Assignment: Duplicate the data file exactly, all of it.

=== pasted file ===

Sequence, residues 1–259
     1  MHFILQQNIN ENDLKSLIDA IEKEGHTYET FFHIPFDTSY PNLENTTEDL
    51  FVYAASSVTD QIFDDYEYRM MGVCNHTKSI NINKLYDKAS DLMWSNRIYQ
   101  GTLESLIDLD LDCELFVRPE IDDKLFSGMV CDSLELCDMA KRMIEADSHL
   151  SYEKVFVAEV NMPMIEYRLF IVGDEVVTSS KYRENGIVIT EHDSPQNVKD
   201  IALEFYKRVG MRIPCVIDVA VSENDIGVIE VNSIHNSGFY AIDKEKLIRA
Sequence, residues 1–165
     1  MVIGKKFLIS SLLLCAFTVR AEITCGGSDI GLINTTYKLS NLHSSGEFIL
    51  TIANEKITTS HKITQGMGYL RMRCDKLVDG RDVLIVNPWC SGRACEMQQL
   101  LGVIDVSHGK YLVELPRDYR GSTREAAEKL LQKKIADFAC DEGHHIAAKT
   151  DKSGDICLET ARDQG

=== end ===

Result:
Sequence, residues 1–259
     1  MHFILQQNIN ENDLKSLIDA IEKEGHTYET FFHIPFDTSY PNLENTTEDL
    51  FVYAASSVTD QIFDDYEYRM MGVCNHTKSI NINKLYDKAS DLMWSNRIYQ
   101  GTLESLIDLD LDCELFVRPE IDDKLFSGMV CDSLELCDMA KRMIEADSHL
   151  SYEKVFVAEV NMPMIEYRLF IVGDEVVTSS KYRENGIVIT EHDSPQNVKD
   201  IALEFYKRVG MRIPCVIDVA VSENDIGVIE VNSIHNSGFY AIDKEKLIRA
Sequence, residues 1–165
     1  MVIGKKFLIS SLLLCAFTVR AEITCGGSDI GLINTTYKLS NLHSSGEFIL
    51  TIANEKITTS HKITQGMGYL RMRCDKLVDG RDVLIVNPWC SGRACEMQQL
   101  LGVIDVSHGK YLVELPRDYR GSTREAAEKL LQKKIADFAC DEGHHIAAKT
   151  DKSGDICLET ARDQG